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dc.contributor.authorLloyd, Rhodri S.
dc.contributor.authorRadnor, John M.
dc.contributor.authorDe Ste Croix, M. B. A.
dc.contributor.authorCronin, John B.
dc.contributor.authorOliver, Jon
dc.date.accessioned2016-04-08T10:53:23Z
dc.date.available2016-04-08T10:53:23Z
dc.date.issued2015
dc.identifier.citationLloyd, R. S., J. M. Radnor, M. B. De Ste Croix, J. B. Cronin and J. L. Oliver (2016), 'Changes in sprint and jump performance following traditional, plyometric and combined resistance training in male youth pre- and post-peak height velocity', Journal of Strength and Conditioning Research, 30 (5), pp. 1239-1247en_US
dc.identifier.issn1064-8011
dc.identifier.urihttp://hdl.handle.net/10369/7848
dc.descriptionThis article in Journal of Strength and Conditioning Research was available online ahead of print on 26 September 2015 at http://dx.doi.org/10.1519/JSC.0000000000001216 The author's post-print is made available in this repository from 26 September 2016en_US
dc.description.abstractThe purpose of this study was to compare the effectiveness of 6-week training interventions utilizing different modes of resistance (traditional strength, plyometric and combined training) on sprinting and jumping performance in boys pre- and post-peak height velocity (PHV). Eighty school-age boys were categorized into two maturity groups (pre- or post-PHV) and then randomly assigned to 1) plyometric training, 2) traditional strength training, 3) combined training, or 4) a control group. Experimental groups participated in twice-weekly training programmes for 6-weeks. Acceleration, maximal running velocity, squat jump height and reactive strength index data were collected pre- and post-intervention. All training groups made significant gains in measures of sprinting and jumping irrespective of the mode of resistance training and maturity. Plyometric training elicited the greatest gains across all performance variables in pre-PHV children, whereas combined training was the most effective in eliciting change in all performance variables for the post-PHV cohort. Statistical analysis indicated that plyometric training produced greater changes in squat jump and acceleration performance in the pre-PHV group compared to the post-PHV cohort. All other training responses between pre- and post-PHV cohorts were not significant and not clinically meaningful. The study indicates that plyometric training might be more effective in eliciting short-term gains in jumping and sprinting in boys that are pre-PHV, whereas those that are post-PHV may benefit from the additive stimulus of combined training.en_US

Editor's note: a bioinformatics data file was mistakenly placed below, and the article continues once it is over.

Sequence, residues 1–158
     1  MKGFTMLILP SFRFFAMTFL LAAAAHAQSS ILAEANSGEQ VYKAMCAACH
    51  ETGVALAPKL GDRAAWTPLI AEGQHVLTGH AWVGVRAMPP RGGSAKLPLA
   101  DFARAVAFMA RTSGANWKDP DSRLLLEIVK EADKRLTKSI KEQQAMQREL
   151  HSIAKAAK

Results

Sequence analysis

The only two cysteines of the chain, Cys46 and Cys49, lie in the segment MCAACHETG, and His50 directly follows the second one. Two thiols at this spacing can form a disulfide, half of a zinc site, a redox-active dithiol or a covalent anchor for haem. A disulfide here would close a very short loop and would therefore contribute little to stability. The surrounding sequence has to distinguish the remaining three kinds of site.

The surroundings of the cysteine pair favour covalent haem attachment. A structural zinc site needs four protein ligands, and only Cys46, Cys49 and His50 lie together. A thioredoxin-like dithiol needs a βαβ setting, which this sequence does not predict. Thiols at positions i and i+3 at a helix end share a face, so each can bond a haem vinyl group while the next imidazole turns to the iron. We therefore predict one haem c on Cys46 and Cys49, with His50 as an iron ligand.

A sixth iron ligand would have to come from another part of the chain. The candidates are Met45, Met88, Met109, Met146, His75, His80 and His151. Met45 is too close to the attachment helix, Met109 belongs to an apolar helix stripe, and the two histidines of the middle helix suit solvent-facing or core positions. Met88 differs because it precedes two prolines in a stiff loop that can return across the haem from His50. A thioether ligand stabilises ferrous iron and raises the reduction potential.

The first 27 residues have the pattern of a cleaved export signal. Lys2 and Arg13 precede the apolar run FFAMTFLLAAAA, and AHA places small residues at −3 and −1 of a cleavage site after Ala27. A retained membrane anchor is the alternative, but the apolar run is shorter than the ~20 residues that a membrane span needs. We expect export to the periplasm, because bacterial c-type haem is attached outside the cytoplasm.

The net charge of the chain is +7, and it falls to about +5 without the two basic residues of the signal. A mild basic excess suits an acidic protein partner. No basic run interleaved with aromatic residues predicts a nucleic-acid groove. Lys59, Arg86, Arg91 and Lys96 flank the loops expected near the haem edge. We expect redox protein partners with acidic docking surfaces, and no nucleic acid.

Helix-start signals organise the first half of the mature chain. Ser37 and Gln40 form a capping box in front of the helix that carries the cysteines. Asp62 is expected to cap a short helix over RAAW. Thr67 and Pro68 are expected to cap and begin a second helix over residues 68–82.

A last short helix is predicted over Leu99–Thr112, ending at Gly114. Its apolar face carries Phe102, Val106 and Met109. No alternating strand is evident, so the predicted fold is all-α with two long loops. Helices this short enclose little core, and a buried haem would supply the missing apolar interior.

dc.language.isoenen_US
dc.publisherLippincott, Williams & Wilkinsen_US
dc.relation.ispartofseriesJournal of Strength and Conditioning Research
dc.subjectstrength trainingen_US
dc.subjectplyometric trainingen_US
dc.subjectcombined trainingen_US
dc.subjectchildrenen_US
dc.subjectadolescentsen_US
dc.titleChanges in sprint and jump performance following traditional, plyometric and combined resistance training in male youth pre- and post-peak height velocityen_US
dc.typeArticleen_US
dc.identifier.doihttp://dx.doi.org/10.1519/JSC.0000000000001216
dc.date.dateAccepted2015-09-17
dc.rights.embargodate2016-09-26
dc.rights.embargoreason12 month embargo requested by publisher


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